3: Identifying Oxidation-Reduction Reactions

A redox reaction must involve a change in oxidation number for at least two of the elements involved in the reaction. The oxidized element increases in oxidation number, while the reduced element decreases in oxidation number.

Example:

Sodium (Na) and chlorine (Cl) reacts to form sodium chloride (NaCl):

Na  +  Cl  →  NaCl

We know that pure elements, in this case the reactants Na and Cl, have the oxidation number 0. We also know that NaCl is an ionic compound consisting of sodium cations (Na+) and chloride anions (Cl-). The oxidation number of a monatomic ion is equal to its charge. Consequently, the sodium cation in NaCl has the oxidation number +1 and the chloride anion has the oxidation number -1.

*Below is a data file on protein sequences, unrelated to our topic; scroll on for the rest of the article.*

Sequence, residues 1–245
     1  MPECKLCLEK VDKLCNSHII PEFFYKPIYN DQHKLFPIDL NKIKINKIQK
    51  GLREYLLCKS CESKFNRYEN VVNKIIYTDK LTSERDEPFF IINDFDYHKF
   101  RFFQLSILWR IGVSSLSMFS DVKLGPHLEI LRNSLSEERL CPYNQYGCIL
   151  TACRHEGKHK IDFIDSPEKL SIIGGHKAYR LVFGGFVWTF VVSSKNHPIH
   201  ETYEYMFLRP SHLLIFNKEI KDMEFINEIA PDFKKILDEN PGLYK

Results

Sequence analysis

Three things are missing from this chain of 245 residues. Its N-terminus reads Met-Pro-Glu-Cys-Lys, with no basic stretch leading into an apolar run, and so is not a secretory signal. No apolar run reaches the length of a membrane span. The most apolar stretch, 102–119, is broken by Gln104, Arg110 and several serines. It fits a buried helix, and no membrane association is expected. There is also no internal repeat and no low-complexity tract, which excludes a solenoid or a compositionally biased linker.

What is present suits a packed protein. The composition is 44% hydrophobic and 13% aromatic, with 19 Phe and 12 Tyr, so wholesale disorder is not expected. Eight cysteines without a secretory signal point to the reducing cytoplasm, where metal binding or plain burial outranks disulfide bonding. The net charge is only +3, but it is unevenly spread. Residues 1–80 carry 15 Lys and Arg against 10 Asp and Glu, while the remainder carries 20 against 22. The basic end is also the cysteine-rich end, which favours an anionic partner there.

As the oxidation number of sodium increases, sodium is oxidized, while the oxidation number of chlorine decreases, which means, chlorine is reduced.

Counterexample:

Let’s look at a counter example of a redox reaction. Sodium cations (Na+) and chloride anions (Cl-) can also react to form sodium chloride (NaCl):

Na-  +  Cl-  →  NaCl

If we assign the oxidation numbers,

we can see that they don’t change. There is no gain or loss of electrons. Consequently, this is not a redox reaction.

Further examples can be found here.

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Sources

Last modified: Thursday, 6 October 2016, 3:32 PM